Western MPs plan to sneak in the village via Indian soil
Regardless of the ruling party president G P Koirala’s appeal to his party’s members in the parliament to return to their respective constituencies, most of the lawmakers fear they may not be able to oblige their boss, thanks to the fragile law and order situation in the country.
The MPs have been asked to fill the political vacuum in the villages by ‘greater than ever’ movements against the Maoist rebel group. Let alone the movement, they even fear to step on their home constituencies.
Narendra Bahadur Bam, a ruling party member of parliament from Baitadi-1 has already lost his family home at Purchouni Hat Village Development Committee (VDC) where the rebels have taken charge. Once the rebels took over the house, the lawmaker’s father Dambar Bahadur Bam, a MP himself during Panchyat regime, had to vacate the house along with his wife to take refuge in a neighbour’s house. The MP’s parents helplessly spent over a month for the rebels to leave. Finally they gave up the hope and fled to Dhangadhi and later to the capital in son’s custody.
Confirming the news, MP Narendra Bahadur Bam told the Himalayan Times, “It is true that they have taken control of our house after chasing my parents away.” He said that there was a remarkable activity of the rebels in his district since the ceasefire and dialogue began between the government and the Maoist. “There was no presence of the government and the rebels managed to take away even the teenagers to their training camps.”
Chief district officer (CDO) of Baitadi district, Parashuram Sharma, denied the MP’s house had been taken by the rebels. “His house is in a remote village, a two-days walk from the district headquarter. I sent a security force there but they couldn’t find any rebels then. They keep on coming and going. We are unable to provide security to inaccessible villages for ever,” said Sharma.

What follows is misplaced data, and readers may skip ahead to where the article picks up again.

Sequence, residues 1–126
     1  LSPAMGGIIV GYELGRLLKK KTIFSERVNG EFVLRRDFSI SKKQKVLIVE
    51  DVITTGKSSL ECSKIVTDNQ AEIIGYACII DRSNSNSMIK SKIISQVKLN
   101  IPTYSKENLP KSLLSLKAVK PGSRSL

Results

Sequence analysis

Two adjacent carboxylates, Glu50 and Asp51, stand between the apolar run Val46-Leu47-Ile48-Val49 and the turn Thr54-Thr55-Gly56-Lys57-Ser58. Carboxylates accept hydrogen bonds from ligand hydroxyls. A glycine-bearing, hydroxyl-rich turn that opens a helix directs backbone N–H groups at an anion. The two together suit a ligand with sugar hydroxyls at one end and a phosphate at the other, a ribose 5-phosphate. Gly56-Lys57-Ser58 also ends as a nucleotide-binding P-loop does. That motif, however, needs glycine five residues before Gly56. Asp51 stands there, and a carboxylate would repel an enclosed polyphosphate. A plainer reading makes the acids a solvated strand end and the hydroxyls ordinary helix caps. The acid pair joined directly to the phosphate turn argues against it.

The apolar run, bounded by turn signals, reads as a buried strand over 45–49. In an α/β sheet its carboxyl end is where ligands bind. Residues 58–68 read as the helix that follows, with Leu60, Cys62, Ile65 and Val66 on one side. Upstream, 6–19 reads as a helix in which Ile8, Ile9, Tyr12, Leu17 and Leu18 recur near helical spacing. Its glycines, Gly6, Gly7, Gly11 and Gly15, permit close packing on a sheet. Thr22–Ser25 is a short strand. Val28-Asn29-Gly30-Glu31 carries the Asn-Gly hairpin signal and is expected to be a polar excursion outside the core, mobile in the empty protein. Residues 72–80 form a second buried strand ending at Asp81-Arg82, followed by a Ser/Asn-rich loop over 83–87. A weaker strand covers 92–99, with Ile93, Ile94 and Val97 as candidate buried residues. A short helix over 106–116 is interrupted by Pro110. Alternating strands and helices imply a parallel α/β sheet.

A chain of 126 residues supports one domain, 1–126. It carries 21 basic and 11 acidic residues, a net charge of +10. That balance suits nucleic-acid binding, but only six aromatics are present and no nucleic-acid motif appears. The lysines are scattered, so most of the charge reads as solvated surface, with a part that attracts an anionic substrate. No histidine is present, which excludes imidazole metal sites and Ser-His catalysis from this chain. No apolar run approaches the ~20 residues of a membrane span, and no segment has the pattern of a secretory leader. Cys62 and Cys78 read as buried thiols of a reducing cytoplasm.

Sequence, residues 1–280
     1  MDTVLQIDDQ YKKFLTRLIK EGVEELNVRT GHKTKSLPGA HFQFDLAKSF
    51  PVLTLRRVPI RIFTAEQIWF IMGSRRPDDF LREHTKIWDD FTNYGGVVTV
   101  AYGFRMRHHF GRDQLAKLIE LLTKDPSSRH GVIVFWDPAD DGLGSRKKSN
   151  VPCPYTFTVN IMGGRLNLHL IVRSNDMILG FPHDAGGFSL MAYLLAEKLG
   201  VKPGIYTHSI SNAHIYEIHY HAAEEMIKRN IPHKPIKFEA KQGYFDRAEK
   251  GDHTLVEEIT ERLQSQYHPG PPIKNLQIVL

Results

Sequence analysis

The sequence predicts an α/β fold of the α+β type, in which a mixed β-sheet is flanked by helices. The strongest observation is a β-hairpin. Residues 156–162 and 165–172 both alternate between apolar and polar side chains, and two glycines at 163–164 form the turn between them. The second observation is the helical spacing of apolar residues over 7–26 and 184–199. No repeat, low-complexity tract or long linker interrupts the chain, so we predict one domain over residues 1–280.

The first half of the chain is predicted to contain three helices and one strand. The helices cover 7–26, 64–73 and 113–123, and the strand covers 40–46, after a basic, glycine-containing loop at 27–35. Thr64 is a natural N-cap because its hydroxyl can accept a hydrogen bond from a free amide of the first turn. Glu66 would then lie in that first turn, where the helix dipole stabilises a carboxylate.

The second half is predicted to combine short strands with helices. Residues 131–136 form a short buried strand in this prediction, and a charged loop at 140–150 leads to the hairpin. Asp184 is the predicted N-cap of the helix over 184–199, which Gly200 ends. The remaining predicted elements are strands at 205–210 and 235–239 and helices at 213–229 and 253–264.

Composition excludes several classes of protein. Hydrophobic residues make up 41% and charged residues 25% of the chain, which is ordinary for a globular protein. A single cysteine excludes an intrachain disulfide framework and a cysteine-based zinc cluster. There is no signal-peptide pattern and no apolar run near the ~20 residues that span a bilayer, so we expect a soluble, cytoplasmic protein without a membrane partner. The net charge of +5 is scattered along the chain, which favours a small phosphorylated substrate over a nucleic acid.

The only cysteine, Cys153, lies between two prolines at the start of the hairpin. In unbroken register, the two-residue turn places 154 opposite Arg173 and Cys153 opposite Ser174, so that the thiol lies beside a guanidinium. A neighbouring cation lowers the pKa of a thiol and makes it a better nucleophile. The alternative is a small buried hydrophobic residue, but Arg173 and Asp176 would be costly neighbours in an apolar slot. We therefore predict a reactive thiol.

He stated that there was not even a single security unit in the area of 80 km. “They can do whatever they like,” he said and claimed that many underground terrorists were close relatives of the MP, who frequently venture in the villages to rob their own people.
However, the district officer said that he would provide security once the MPs dare to enter the village.
“We are comfortably living in the district headquarter, there is nothing to panic,” he said. The officer said that instead of coming through the land route within the country, it was safer for the lawmakers to enter from the Indian border near Jhulaghat.
Another ruling member of parliament from Baitadi-2, Binaya Dhoj Chand, also has a similar thought. “Not only Narendra Bam but no MP is in the position to return to the villages,” said Chand, “Terrorists have destroyed bridges and roads to our villages. We have only one option of going through India, as we used to do 20 years ago.”
He said that going within the constituency was out of question, “however, we will try to be in the district headquarters.”
MP Narendra Bam also thinks alike. “I don’t think I will be able to make to my village, but we are trying to go to the district headquarter via Indian soil.”